Academic journal article The Journal of Speech-Language Pathology and Applied Behavior Analysis

Considering Response Efficiency in the Selection and Use of AAC Systems

Academic journal article The Journal of Speech-Language Pathology and Applied Behavior Analysis

Considering Response Efficiency in the Selection and Use of AAC Systems

Article excerpt

Abstract

Individuals with severe disabilities whose speech is either ineffective or inefficient for meeting their communicative needs have benefited from augmentative and alternative modes of communication (AAC). However, despite the evidence supporting the use of AAC with individuals with severe disabilities, practitioners may still encounter challenges in implementing AAC interventions. These challenges may be due, in part, to problems related to contextual fit. This paper (a) examines the importance of contextual fit in the design and implementation of AAC interventions, (b) explores the potential role of response efficiency for enhancing contextual fit, (c) presents a framework for examining the response efficiency of AAC interventions, and (d) provides a discussion of needed research.

Keywords: Augmentative and Alternative Communication, AAC, Contextual Fit, Response Efficiency.

Introduction

Augmentative and Alternative Communication (AAC) refers to the use of devices or techniques that supplement or replace an individual's spoken communication skills (Mustonen, Locke, Reichle, Solbrach, & Lindgren, 1991). AAC includes unaided modes of communication (e.g., gestures, sign languages/systems, and facial expressions) as well as aided modes of communication (e.g., line drawings on a communication board, written words on a pad of paper, laptop computers with synthesized speech output, dedicated AAC devices with digitized speech output).

Individuals with severe disabilities whose speech is either ineffective or inefficient for meeting their communicative needs have benefited from augmentative and alternative modes of communication (e.g., Cafiero, 1998; Johnston, McDonnell, Nelson, & Magnavito, 2003; Johnston, Nelson, Evans, Palazolo, 2003; Marcus, Garfinkle, & Wolery, 2001; Mirenda & Ericson, 2000; Quill, 1997; Rowland & Schweigart, 2000; Schopler, Mesibov, Shigley, & Hearsey, 1995). However, as promising as the evidence supporting the use of AAC with individuals with severe disabilities has been, practitioners still encounter challenges in implementing AAC interventions. These challenges may be due, in part, to problems related to contextual fit. This paper (a) examines the importance of contextual fit in the design and implementation of AAC interventions, (b) explores the potential role of response efficiency for enhancing contextual fit, (c) presents a framework for examining the response efficiency of AAC interventions, and (d) provides a discussion of needed research.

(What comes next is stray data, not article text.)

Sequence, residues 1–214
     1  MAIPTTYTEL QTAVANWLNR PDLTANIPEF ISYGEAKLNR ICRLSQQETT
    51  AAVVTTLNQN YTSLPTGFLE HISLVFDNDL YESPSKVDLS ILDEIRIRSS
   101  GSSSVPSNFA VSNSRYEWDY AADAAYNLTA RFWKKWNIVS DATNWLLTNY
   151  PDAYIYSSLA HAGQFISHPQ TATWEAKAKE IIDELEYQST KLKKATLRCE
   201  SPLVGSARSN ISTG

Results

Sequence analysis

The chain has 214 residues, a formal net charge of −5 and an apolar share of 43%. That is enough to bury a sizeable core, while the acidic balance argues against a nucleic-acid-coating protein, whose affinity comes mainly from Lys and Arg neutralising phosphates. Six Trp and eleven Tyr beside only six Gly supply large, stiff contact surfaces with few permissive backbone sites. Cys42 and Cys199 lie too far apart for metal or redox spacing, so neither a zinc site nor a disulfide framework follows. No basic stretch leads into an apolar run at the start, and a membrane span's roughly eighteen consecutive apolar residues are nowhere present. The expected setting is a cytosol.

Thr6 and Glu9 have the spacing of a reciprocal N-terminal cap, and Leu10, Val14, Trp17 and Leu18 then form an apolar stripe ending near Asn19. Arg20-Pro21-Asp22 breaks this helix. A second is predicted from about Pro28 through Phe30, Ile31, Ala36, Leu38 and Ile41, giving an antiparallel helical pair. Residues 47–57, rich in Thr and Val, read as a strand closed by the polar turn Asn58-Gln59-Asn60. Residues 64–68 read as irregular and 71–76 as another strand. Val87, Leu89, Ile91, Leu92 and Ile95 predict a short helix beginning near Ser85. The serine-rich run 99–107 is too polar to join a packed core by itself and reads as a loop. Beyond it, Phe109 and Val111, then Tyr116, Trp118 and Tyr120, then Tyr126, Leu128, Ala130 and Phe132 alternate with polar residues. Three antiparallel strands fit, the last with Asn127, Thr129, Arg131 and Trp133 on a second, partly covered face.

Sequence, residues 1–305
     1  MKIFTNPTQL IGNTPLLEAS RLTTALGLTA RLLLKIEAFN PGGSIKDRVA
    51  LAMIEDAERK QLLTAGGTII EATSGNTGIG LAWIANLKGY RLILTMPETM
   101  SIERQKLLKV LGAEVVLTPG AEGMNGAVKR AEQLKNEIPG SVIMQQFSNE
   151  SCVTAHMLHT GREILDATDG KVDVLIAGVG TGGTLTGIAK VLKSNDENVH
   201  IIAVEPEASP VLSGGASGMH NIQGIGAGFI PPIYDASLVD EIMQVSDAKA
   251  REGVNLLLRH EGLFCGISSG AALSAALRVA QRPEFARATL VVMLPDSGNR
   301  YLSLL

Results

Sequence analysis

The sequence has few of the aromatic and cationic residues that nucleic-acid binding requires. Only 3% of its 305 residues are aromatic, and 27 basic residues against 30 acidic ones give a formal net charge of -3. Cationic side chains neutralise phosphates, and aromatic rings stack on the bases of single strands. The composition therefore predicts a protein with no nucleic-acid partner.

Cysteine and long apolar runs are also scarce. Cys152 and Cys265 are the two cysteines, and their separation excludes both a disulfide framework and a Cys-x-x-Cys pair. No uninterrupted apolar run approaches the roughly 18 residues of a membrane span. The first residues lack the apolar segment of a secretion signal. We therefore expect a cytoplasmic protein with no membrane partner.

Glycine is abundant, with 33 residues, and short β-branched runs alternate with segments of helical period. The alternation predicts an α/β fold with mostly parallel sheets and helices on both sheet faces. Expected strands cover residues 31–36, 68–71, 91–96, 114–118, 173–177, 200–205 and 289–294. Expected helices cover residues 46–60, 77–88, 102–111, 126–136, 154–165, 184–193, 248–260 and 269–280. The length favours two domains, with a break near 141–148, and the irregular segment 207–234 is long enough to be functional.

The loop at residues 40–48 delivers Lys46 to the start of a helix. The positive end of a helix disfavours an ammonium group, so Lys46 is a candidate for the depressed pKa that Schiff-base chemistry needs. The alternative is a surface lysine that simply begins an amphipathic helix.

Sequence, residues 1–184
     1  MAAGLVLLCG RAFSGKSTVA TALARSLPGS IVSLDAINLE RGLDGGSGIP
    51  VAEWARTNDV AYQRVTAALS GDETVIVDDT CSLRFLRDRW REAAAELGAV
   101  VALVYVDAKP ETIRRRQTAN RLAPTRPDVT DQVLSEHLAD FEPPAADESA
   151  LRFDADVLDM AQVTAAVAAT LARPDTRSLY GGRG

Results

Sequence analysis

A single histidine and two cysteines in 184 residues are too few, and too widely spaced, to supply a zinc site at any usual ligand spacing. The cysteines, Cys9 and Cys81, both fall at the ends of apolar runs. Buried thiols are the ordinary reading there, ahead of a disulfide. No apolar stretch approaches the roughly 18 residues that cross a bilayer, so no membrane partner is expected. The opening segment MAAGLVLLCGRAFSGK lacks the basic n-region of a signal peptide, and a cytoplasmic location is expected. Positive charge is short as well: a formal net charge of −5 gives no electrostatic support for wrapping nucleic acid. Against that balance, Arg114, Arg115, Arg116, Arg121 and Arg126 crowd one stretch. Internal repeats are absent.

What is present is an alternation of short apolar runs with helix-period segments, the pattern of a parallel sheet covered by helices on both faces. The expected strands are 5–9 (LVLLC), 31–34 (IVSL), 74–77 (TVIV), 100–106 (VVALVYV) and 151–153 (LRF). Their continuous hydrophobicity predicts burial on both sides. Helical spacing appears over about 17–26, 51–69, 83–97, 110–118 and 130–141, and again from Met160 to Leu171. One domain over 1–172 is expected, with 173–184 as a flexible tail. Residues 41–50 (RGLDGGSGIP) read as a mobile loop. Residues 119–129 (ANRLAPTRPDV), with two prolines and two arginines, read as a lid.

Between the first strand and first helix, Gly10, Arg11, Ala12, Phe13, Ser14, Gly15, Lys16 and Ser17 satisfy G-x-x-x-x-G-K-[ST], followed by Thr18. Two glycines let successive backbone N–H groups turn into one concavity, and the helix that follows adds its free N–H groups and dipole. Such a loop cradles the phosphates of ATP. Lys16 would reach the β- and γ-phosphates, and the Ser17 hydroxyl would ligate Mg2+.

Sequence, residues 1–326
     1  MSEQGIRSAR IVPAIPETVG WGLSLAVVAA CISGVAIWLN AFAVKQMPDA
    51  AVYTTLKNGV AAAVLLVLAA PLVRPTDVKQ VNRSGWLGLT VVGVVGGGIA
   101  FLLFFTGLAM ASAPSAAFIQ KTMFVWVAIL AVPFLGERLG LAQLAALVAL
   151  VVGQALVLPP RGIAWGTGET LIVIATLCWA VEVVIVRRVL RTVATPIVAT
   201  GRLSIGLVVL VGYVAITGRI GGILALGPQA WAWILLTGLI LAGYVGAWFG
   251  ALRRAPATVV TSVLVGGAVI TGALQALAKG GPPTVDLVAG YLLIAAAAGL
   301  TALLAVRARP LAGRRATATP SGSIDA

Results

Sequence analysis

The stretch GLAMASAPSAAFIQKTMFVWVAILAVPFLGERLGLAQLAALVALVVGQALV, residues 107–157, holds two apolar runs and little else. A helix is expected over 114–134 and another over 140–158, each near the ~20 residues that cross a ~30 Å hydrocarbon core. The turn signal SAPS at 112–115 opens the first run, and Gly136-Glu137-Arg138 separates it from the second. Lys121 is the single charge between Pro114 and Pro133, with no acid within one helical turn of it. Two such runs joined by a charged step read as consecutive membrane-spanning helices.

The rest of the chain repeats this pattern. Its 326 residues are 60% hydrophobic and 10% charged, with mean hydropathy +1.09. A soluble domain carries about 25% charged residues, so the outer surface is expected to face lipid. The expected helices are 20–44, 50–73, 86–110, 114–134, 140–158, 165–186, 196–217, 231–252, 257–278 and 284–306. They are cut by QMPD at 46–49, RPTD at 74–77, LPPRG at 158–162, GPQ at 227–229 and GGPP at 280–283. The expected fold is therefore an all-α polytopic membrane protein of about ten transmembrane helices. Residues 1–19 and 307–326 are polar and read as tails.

Importance of Contextual Fit in the Design and Implementation of AAC Interventions

The term contextual fit refers to the compatibility between an intervention and a variety of variables, including characteristics of the person for whom the intervention was developed, characteristics of the individuals who will implement the plan, and features of the environment within which the intervention will be implemented (Albin, Lucyshyn, Horner, & Flannery, 1996). Albin et al (1996) posit that an intervention "may be theoretically well designed and solidly grounded in both behavior theory and documented practice, and yet still not be a good fit for the people and the environments involved" (p.83). An intervention may lack strong contextual fit for a variety of reasons. For the AAC user, the AAC intervention may require too much effort and/or may not consistently result in interactions that fulfill their communication wants/needs. For communication partners, the AAC intervention may be cumbersome or time consuming to design and implement, may conflict with existing priorities, or may fail to meet their own communicative needs.

Personal experience suggests that many AAC users and their communication partners have participated in interventions that lack a good contextual fit. For example, consider Jane, a preschool aged child who was taught to use sign language to communicate her wants and needs. …

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